The Church of Scotland was absolutely opposed to the Jacobites, as were all Presbyterians. They saw the uprising as an attempt to return Scotland to a state of slavery under France and Rome. Not a single minister – and they were influential even in the Jacobite Highlands – joined the rebellion.

Contemporary witnesses put support for the rising into perspective: the Earl of Marchmont estimated that two-thirds of Scotland backed George II; Brigadier-General William Douglas put that support at more than three-quarters; while Sir Archibald Grant put it at ‘nine parts in ten of Scotland’. It would seem that the Union was quickly accepted by the vast majority of Scots. And support for it grew. The economy prospered as the industrial revolution transformed the country. The Scottish Enlightenment dazzled minds across the world and Scottish regiments played a prominent part in building up Empire and Commonwealth and taking a leading part in coalition warfare against European tyrants like Napoleon, the Kaiser and Hitler. Scottish emigrants with their democratic culture helped build up the world’s greatest democracies within the Commonwealth. Hence the Union contributed not merely to the growing wealth and freedom of Scots but to the defence and growth of freedom throughout the world.

In many ways the Union was both the logical outcome of Scottish history and its crowning glory.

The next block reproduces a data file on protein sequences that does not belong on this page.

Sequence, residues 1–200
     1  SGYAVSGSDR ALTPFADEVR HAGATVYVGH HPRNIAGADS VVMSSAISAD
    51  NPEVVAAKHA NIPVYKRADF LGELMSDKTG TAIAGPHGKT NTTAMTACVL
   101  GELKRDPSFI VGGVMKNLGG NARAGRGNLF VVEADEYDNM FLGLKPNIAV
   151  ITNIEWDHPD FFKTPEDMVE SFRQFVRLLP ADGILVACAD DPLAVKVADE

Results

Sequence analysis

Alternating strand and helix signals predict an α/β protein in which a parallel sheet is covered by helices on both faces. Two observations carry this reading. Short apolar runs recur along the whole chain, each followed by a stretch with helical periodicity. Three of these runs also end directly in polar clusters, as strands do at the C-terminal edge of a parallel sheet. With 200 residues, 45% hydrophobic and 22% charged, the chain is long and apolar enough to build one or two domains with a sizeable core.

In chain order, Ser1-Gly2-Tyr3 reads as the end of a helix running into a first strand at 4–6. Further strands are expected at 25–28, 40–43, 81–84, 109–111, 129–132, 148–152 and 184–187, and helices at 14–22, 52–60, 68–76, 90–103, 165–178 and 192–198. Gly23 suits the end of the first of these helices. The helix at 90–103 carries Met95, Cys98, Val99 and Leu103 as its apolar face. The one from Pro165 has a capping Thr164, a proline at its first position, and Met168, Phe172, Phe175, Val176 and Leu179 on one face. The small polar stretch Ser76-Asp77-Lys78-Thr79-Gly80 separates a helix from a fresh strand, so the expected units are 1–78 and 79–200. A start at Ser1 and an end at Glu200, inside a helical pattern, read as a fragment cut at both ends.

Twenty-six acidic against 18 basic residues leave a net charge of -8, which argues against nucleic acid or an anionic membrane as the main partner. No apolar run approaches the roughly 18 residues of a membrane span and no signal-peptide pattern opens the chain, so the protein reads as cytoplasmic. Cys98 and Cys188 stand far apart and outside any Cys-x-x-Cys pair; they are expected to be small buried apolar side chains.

Independence had allowed the Scots to build up national institutions which the Union then preserved. But independence had always been fragile and sometimes even nominal. The fate of Scotland was often decided by the English or their proxies in Edinburgh. Even when this was not the case Scotland herself was often without stable government and for long periods was a poor and lawless land. Union with England was always the obvious solution and when it came about it brought prosperity not poverty and enlightenment not oppression. Scotland became part of a world power with a record of success second to none.

Alan Sked was educated at Allan Glen's School in Glasgow, before going on to study Modern and Medieval History at the University of Glasgow, followed by a DPhil in Politics at Merton College, Oxford. Sked taught at the London School of Economics where he became a leading authority on the history of the Hapsburg Empire, also teaching US and modern intellectual history and the history of sex, race and slavery. Alan Sked is now Emeritus Professor of International History at the London School of Economics.